PySDM is a Storage Device Manager that is widely used by users to automount partition without touching fstab. Read more about it here.
PySDM for Ubuntu
Download PySDM to automount partition in Ubuntu and other Debian based distros by executing following command.
PySDM for Fedora
Download PySDM to automount partition in RHEL/CentOS/Fedora by executing following command:
PySDM for Arch Linux
Download PySDM to automount partition in Arch linux, link: https://aur.archlinux.org/packages.php?ID=16992
When you are done with downloading, start the tool by shooting following command in terminal as a root:
A prompt for password will appear, past that you will see following window with partitions listed on the left:
Click on Assistant button and following window will appear.
Now you can check and uncheck according to your preferences and you are done, PySDM will now automount partition for you just after booting.
Vastness of open source can leave anyone in confusion. Whether it is distro hunting or phrases that are used to explain related concepts. The one which annoys every single beginner is that Open source is said to distribute free software, so far so good, but what exactly we mean by free? Free as is Beer or Free as in Speech? Keep reading.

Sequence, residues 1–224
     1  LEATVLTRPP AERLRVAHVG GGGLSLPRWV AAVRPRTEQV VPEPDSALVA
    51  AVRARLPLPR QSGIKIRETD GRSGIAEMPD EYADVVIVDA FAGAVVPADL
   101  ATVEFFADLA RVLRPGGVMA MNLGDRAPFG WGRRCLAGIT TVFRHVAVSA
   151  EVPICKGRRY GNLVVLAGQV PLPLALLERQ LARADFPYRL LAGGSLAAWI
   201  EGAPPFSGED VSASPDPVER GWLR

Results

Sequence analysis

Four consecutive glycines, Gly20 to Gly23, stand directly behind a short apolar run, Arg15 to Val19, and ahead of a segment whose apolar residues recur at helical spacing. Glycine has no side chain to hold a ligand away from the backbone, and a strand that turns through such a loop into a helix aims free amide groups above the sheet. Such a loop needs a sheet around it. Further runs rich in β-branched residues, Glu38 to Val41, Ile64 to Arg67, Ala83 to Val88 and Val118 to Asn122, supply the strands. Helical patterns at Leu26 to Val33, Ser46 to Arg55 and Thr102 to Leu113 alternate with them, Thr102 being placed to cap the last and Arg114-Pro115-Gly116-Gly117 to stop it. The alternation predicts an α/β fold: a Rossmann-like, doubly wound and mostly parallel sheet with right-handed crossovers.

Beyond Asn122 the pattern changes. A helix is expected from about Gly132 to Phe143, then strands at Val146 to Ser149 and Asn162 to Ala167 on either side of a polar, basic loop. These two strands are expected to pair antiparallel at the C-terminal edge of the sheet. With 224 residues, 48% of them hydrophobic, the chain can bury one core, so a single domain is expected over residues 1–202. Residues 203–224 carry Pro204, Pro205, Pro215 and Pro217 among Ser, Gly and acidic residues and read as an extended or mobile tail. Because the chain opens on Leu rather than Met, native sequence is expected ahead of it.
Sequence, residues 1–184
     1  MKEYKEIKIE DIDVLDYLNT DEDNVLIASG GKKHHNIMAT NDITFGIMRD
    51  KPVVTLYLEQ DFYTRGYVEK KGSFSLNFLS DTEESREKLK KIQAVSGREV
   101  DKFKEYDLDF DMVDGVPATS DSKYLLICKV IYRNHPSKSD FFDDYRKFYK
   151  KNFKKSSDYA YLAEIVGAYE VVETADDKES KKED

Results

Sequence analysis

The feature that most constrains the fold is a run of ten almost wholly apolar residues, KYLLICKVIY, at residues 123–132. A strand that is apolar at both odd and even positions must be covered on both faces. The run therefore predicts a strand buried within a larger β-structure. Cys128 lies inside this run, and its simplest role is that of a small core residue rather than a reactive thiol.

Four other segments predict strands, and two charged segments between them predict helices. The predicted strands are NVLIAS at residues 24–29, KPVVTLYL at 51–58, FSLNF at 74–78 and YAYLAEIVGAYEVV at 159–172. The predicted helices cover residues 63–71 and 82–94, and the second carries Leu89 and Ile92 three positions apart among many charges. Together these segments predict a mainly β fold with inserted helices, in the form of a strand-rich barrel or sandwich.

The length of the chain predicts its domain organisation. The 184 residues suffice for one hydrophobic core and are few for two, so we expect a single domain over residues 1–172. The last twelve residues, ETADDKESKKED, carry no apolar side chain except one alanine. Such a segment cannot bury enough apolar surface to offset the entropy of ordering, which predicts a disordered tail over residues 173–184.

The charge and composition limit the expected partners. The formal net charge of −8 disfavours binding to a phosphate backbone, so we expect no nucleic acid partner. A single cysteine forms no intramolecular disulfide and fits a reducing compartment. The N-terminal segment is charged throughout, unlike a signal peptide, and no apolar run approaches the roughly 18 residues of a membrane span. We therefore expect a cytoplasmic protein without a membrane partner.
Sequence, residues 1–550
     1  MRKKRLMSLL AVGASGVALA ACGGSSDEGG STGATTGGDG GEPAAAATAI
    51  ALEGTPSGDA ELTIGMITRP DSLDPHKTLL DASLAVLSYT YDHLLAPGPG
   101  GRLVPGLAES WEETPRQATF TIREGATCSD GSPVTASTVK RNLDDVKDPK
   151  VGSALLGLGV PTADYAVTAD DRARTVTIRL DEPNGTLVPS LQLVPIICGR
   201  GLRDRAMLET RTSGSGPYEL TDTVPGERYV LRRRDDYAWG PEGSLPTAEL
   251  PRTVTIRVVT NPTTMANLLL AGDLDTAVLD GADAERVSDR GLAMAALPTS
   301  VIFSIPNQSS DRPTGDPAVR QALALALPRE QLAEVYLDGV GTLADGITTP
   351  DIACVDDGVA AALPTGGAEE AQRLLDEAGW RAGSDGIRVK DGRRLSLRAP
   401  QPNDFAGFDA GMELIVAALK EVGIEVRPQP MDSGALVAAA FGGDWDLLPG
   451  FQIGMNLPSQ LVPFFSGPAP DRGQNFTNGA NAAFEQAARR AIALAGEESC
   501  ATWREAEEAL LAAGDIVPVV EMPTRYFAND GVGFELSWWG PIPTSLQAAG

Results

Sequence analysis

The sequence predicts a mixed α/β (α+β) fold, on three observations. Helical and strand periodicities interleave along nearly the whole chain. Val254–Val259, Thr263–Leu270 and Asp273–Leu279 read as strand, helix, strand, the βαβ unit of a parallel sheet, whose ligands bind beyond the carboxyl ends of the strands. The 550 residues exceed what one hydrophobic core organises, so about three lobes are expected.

The difference can be narrowed down to “no money” versus “no restrictions (or a bit of them)”. In English, free is often mistaken for both the meanings but in Spanish they have different words for them, Gratis and Libre.
Java from Oracle is a product which is free as in beer. When you are offered a beer, you are not supposed to pay for it but enjoy. The ‘body’ giving away pays for it and everyone enjoys it at no cost.
Java from Oracle is available free of cost for everyone but restricts users from getting even a glimpse of source code. Hence, users are also deprived of the liberty of modifying the code. Speaking of that, none of distributing publicly and submitting bug fixes is available. The decision of What/When/How you get the “beer” is made by the “giver”.
In addition to facility of getting the software for free, the air of liberty comes in. The liberty in “libre” is more than you get in “gratis”. Following are the rights you have in software which are Free as in Speech:
♦ You can use it anyway you want. They don’t care if the software was made for computer you are running it on mobile device. More the merrier!
♦ You can easily see the internal working of the software. Users want to know the secret ingredients in their favourite beer but are deprived of this pleasure in case of free beer.
♦ Sharing is caring! After using and falling in love with the software, one would definitely want to share it and libre allows him to do that without violating any law. Distribute it publicly whether by packaging it with your software or provide a mirror, etc.
♦ You can be a part of the development process. If you find a bug and a fix to it, you can submit it so that community benefits from it. After all it is all about giving away.